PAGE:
By Eurasia Network – December 3, 2020

For India, this partnership is part of a dynamic foreign policy aiming at balancing the growing influence of China in the Asia-Pacific region – Picture : India’s official flag. Photo credit : Pexels

The Japanese and Indian governments are expected to conclude a cooperation agreement on telecommunications and digital infrastructure in coming weeks, reported Nikkei Asia.

The partnership, announced by senior Japanese government officials, covers the deployment of 5G technology in India, including the construction of submarine fiber-optic cables.

In return, India will provide training on new technologies in Japan. Indeed, despite Japanese efforts in the digital administration and cybersecurity industry, the country lacks expertise. This partnership also aims at the development and international standardization of 6G technology, expected for 2030.

Growing tensions with China prompt India to promote cooperation with Japan in the field of information and communication technologies (ICT). In this context the bilateral agreement should be signed in December 2020, during an online meeting between the Japanese Minister of Internal Affairs and Communications, Ryota Takeda and the Indian Minister of Telecommunications, Ravi Shankar Prasad. If concluded, this partnership will be historic, amounting to several hundred million dollars.

Meanwhile, the Indian Prime Minister Narendra Modi announced a fiber optic submarine cable project to link mainland India to the Lakshadweep Islands, located 200 to 440 km off the southwestern coast of India. The Japanese NEC Corporation, which is currently completing the construction of submarine cables on Indian islands, would a serious candidate to obtain the contract. 

Moreover, the Japanese Rakuten, which already has a base in southern India in Bengaluru, plans to export 5G to India via the cloud, resulting in lower operating and installation costs. 

HAPSMobile, a subsidiary of the Japanese SoftBank, is in negotiations with an Indian company on the sale of stratospheric telecommunications technologies, via high altitude drones. 

Also this year, a consortium of Japanese entities, such as Olympus and Showa University, has begun supplying hospitals in India with its newly developed artificial intelligence-based software to assist doctors in analyzing endoscopic images of the bowel.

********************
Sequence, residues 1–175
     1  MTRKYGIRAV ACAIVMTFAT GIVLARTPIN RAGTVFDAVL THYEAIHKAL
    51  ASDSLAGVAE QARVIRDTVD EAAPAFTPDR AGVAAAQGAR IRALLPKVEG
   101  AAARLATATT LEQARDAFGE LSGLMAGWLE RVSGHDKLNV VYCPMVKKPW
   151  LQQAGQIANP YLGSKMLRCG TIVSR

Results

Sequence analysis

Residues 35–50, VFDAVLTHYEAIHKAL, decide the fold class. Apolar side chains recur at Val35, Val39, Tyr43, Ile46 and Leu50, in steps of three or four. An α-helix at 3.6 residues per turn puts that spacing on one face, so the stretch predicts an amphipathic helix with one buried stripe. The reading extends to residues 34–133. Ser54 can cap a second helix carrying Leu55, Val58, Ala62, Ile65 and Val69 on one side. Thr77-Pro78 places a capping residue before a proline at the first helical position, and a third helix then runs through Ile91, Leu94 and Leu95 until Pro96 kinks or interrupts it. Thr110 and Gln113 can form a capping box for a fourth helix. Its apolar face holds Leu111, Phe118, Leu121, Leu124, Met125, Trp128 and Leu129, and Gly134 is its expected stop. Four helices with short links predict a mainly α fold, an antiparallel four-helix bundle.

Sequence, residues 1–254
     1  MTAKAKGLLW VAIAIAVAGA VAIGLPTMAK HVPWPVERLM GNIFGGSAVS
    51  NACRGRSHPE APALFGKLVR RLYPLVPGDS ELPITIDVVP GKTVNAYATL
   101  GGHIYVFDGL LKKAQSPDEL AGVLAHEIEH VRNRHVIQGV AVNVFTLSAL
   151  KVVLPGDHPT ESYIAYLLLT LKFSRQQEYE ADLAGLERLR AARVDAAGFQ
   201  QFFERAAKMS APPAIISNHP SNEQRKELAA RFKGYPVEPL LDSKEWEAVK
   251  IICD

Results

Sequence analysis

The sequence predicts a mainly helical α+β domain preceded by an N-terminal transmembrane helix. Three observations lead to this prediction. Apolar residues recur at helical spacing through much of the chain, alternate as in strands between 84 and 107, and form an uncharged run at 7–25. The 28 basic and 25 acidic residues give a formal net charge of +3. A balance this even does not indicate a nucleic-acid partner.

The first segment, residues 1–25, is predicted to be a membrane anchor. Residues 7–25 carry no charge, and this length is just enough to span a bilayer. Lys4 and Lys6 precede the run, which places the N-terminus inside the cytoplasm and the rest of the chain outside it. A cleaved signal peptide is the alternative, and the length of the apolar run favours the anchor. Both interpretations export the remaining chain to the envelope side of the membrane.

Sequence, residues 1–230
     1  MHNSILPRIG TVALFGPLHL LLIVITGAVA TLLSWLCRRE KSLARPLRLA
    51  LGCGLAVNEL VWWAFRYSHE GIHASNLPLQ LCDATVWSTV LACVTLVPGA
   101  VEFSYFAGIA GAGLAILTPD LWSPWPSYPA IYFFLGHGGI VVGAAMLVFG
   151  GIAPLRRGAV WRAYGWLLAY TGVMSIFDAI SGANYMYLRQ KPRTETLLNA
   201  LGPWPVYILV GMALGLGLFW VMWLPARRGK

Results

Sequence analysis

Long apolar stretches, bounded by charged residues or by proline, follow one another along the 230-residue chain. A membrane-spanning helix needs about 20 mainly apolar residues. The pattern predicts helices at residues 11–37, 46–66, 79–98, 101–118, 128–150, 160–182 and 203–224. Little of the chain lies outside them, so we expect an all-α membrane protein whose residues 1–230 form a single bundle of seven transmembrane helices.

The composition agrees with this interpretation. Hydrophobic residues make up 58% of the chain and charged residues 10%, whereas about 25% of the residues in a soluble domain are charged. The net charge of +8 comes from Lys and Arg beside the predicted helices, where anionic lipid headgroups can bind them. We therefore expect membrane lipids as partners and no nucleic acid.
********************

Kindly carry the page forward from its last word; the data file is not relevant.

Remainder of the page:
The Japanese Foreign Minister Toshimitsu Motegi has announced funding for a submarine cable to Palau Island in the Pacific with the United States and Australia. Japan, which signed the Regional Comprehensive Economic Partnership (RCEP) on November 15, of which China is a member, is on the side of Beijing’s rivals. The land of the Rising Sun intends to take advantage of China’s ouster from the Indian digital landscape. If Tokyo does not dominate the smartphone application industry, it has a card to play in becoming a significant partner in the development of strategic infrastructure in India.

This activism is an attempt for Japan to support its economic growth amid the covid-19 pandemics and rising China’s influence in the Asia-Pacific region. Since July 2020, the Japanese government subsidizes its companies to reduce their dependence on Chinese manufacturers. Tokyo put 470 million euros on the table to encourage its companies to invest in domestic production. A gradual recovery is underway in Japan, with GDP growth projected to be around 2.25 % in 2021 and 1.5 % in 2022, following an output decline of 5.25 % in 2020, reported the OECD.

For India, this partnership is part of a dynamic policy aiming at balancing the growing influence of China. New Delhi even banned around 40 Chinese mobile applications for security reasons. This measure comes in the context of a deadly border dispute between the two Asian giants, source of an armed clash last June.

For Japan, the Indian demographic giant and its 1.3 billion inhabitants is an opportunity to counterbalance China in economic, technological and political terms. India is a core country, along with Japan, the U.S. and Australia, in the “Free and Open Indo-Pacific” strategy.

New Delhi took part in the talks on the Regional Comprehensive Economic Partnership, but withdrew from the discussion last year over concerns about opening up its agricultural and manufacturing sectors to more foreign competition.

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